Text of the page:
Ventilation and COVID-19

The Europen Centre for Disease Prevention and Control has issued a guidance note on the importance of ventilation in reduced COVID transmission. “Poor ventilation in confined indoor spaces is associated with increased transmission of respiratory infections. There have been numerous COVID-19 transmission events associated with closed spaces, including some from pre-symptomatic cases.

Coronavirus
Coronavirus – John Hopkins University

The role of ventilation in preventing COVID-19 transmission is not well-defined (i.e. by preventing dispersal of infectious particles to minimise the risk of transmission, or preventing transfer of an infectious dose to susceptible individuals). COVID-19 is thought to be primaril y transmitted via large respiratory droplets, however, an increasing number of outbreak reports implicate the role of aerosols in COVID-19 outbreaks. Aerosols consist of small droplets an d droplet nuclei which remain in the air for longer than large droplets.

Studies indicate that SARS-CoV-2 particles can remain infectious on various materials, as well as in aerosols in indoor environments, with the duration of infectivity depending on temperature and humidity. So far, transmission through fomites has not been documented, but it is considered possible.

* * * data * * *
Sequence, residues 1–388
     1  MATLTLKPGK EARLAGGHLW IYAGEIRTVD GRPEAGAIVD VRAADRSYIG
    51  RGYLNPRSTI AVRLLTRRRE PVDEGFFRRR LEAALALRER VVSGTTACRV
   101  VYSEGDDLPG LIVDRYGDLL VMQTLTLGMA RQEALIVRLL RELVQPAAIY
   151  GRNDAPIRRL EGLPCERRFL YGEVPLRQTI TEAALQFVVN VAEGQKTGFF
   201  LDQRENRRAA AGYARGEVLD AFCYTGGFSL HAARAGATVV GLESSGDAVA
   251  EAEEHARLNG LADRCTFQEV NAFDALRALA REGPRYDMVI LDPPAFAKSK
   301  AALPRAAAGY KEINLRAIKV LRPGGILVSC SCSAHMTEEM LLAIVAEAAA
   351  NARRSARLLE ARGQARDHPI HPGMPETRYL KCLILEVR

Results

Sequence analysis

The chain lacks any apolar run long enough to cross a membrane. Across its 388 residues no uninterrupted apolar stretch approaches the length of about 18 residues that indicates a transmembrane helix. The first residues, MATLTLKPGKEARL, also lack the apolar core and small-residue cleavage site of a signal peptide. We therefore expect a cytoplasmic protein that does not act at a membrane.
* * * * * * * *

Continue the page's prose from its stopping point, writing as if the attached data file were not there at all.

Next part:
Several outbreak investigation reports have shown that COVID-19 transmission can be particularly effective in crowded, confined indoor spaces such as workplaces (offices, factories) and during indoor events – e.g. churches, restaurants, gatherings at ski resorts, parties, shopping centres, worker dormitories, dance classes, cruise ships and vehicles. There are also indications that transmission can be linked to specific activities, such as singing in a choir or during religious services that may be characterised by increased production of respiratory droplets through loud speech and singing.

In a study of 318 outbreaks in China, transmission in all cases except one occurred in indoor spaces. The only case of outdoor transmission identified in this study involved two people. However, outdoor events have also been implicated in the spread of COVID-19, typically those associated with crowds, such as carnival celebrations and football matches, highlighting the risk of crowding even at outdoor events. However, exposure in crowded indoor spaces is also very common during such events.

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